Not long ago, the smartphone app Pokémon Go took the world by storm and gave us a taste of what augmented reality (AR) can do.
Although it was phenomenally popular, at least for a short time, Pokémon Go also exposed some limitations of AR technology on the smartphone platform. In particular, AR on a smartphone screen leaves a bit to be desired. Superimposing Pokémon characters on a 5-inch swatch of the real world isn’t really immersive. And larger-screen devices aren’t convenient to carry around while you’re watching the screen.
Outside of games, one of the most compelling applications of augmented reality is the area of field service where enterprises lose billions of dollars a year due to machine downtime and machine failures. In instances such as oil refineries or power plants, the high cost of sending technicians from around the world to service remote locations plus the cost incurred due to machine downtime leaves enterprise field service companies thirsty for a better way.
Enterprise augmented reality software offers field service technicians rich real-time information and guidance through interactive collaboration with experts and digital resources. Having the right information and guidance at exactly the right time enables technicians to solve critical problems effectively and efficiently. By empowering on-site teams to resolve issues via fast, easy and reliable access to AR remote assistance, Fieldbit reduces the need for technician visits and helps businesses realize substantial savings. The result: an increase in first-time fixes, remote resolution, less downtime, and happier customers.
While most enterprises today are using this technology with mobile devices and tablets, some have already begun to enjoy a hands-free, more immersive experience with smart glasses.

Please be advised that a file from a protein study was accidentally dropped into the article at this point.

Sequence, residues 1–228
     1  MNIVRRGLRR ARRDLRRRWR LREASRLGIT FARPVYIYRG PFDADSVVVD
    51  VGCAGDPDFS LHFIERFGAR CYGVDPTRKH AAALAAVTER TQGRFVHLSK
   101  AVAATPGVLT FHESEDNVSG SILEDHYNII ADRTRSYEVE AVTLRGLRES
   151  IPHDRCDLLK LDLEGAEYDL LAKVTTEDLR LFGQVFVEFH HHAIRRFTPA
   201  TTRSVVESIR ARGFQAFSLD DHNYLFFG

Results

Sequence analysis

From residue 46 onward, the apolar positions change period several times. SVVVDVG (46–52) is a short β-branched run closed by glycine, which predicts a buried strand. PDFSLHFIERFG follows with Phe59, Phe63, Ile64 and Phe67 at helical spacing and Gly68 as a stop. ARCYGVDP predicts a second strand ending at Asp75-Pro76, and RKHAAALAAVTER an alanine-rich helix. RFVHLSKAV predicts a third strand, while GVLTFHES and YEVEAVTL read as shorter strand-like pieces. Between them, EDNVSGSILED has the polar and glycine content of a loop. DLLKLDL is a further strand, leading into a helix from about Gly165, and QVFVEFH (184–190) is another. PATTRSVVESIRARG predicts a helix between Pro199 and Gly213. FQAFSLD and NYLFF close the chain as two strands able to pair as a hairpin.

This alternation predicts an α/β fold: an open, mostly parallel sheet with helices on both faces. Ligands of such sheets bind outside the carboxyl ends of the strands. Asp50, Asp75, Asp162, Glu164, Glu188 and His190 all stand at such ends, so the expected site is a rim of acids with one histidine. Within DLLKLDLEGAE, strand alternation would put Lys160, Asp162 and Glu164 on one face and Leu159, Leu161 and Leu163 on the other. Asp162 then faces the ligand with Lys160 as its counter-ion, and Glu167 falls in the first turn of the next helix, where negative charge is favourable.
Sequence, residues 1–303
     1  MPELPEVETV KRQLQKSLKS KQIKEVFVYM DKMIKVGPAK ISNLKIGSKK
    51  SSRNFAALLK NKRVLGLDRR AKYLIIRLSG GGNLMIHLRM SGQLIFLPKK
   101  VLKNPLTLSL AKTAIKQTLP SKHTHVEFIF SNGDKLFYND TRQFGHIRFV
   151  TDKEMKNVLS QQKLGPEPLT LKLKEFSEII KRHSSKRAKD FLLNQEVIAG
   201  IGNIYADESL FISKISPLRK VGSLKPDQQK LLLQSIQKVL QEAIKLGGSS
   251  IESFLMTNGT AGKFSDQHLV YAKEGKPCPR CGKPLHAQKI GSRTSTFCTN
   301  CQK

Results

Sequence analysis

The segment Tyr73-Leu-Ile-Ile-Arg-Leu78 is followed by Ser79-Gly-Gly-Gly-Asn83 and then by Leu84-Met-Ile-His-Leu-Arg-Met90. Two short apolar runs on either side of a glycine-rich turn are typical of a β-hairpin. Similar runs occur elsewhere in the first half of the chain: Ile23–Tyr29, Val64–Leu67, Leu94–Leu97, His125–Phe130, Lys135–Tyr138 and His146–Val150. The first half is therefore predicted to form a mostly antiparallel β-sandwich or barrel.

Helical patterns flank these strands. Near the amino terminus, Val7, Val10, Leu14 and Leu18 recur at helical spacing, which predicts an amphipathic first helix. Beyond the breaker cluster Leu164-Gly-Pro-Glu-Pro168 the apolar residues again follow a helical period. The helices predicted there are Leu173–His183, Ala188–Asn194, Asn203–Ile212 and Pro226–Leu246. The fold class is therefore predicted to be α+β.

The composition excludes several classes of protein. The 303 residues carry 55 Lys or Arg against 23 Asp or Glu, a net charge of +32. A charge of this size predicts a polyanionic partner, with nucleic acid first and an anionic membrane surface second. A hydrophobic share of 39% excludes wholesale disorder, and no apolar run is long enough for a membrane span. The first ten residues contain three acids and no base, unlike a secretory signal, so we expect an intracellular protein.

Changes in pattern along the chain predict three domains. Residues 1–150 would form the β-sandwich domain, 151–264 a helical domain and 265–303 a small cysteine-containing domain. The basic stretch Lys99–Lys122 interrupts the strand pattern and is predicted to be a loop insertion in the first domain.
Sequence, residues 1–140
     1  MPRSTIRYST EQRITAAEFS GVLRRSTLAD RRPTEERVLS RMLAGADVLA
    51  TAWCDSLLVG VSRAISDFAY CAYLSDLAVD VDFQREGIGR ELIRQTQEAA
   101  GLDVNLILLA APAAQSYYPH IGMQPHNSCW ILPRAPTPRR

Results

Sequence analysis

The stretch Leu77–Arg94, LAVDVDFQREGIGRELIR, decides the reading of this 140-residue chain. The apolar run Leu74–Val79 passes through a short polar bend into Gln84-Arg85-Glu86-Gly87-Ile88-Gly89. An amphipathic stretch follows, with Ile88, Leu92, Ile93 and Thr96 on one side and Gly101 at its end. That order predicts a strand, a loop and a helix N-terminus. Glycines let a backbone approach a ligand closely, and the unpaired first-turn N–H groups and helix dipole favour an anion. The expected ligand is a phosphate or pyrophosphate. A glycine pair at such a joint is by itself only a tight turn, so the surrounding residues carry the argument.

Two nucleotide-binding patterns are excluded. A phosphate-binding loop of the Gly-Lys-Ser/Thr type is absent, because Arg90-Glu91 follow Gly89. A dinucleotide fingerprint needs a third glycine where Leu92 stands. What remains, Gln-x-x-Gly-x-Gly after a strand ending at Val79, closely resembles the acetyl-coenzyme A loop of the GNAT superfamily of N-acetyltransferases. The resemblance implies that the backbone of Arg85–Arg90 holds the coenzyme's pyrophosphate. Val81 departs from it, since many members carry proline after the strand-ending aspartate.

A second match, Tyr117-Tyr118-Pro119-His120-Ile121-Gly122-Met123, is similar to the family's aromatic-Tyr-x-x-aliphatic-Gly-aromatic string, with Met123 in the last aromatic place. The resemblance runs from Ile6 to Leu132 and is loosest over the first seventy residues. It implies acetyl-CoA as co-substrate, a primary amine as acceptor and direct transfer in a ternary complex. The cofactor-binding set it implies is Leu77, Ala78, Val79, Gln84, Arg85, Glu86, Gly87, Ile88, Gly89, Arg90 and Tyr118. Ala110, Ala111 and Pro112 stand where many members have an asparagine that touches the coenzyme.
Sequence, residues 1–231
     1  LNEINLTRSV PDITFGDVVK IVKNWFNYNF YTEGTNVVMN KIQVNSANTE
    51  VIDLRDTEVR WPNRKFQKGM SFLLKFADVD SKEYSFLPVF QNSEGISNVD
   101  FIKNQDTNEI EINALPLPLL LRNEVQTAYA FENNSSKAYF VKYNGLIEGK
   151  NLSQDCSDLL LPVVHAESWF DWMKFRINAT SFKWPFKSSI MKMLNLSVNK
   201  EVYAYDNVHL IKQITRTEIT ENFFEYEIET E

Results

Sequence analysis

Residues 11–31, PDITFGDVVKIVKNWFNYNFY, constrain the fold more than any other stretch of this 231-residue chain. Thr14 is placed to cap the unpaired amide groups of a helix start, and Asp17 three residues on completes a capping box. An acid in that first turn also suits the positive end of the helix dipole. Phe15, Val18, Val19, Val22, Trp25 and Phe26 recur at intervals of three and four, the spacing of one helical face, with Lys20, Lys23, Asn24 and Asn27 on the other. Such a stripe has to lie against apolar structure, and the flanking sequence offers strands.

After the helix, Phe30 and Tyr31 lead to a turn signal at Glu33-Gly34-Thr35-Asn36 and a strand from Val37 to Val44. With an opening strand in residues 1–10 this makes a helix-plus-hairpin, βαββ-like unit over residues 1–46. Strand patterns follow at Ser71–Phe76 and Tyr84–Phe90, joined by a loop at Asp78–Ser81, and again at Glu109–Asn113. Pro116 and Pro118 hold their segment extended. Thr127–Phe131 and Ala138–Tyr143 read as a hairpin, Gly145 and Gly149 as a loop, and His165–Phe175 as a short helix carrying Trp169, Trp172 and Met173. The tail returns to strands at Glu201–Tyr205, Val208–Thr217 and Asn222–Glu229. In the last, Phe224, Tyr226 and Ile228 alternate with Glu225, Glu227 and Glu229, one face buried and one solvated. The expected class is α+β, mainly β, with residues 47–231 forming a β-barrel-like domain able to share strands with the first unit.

The answer for fully immersive augmented reality, and field service AR in particular, may lie in a different form factor altogether: smart glasses. Smart glasses enable the wearer to see superimposed images on the same real world seen with the unaided eye.
The smart glasses platform had a rocky start. The Google Glass project, launched to much fanfare in 2013 and made available to developers only, disappeared in early 2015, seemingly without a trace.
But smart glasses seem to be making a comeback. One of the perceived shortcomings of the original Google Glass product was that it was a solution in search of a problem. The criticism is fair—within the realm of consumer products. However, enterprise users, such as those in field service, have lots of problems that could be solved by a good, capable set of smart glasses; augmented reality smart glasses in particular.
Augmented reality software for smart glasses can take the current state of augmented reality apps to the next level. AR software designed specifically for smart glasses—native apps for smart glasses, in other words—offers a number of advantages over smartphone AR software, such as:
Smart glass technology is still in its infancy and has some way to go, but as more and more real-life applications are found for enterprises, it’s only a matter of time before it takes off. Google has re-launched its smart glasses product as Google Glass Enterprise Edition, and other companies, such as RealWear and Vuzix, offer smart glasses products as well, aimed at the enterprise market.
From a hardware perspective, there is nothing particularly remarkable about smart glasses. The cameras, microphones, displays, radios, processors, and other components are largely off-the-shelf, and any computational heavy lifting can be handled by wireless connection with a smartphone, tablet, or laptop, or even cloud computers. What makes smart glasses so amazing are the cutting edge technologies and applications that run on them, and remote support integration with smart glasses is near, if not at, the top of the enterprise wishlist.
In the near future, look for new and innovative applications for smart glasses, driven in large part by the enterprise. The key to success will be ease of use—if the user can accomplish tasks on his or her own, and if the device can do its job without getting in the user’s way, you can expect wide adoption across many industries and professions, from warehouse and distribution to medicine, agriculture, and, of course, field service and remote assistance.
How can AR for smart glasses help your enterprise field service team?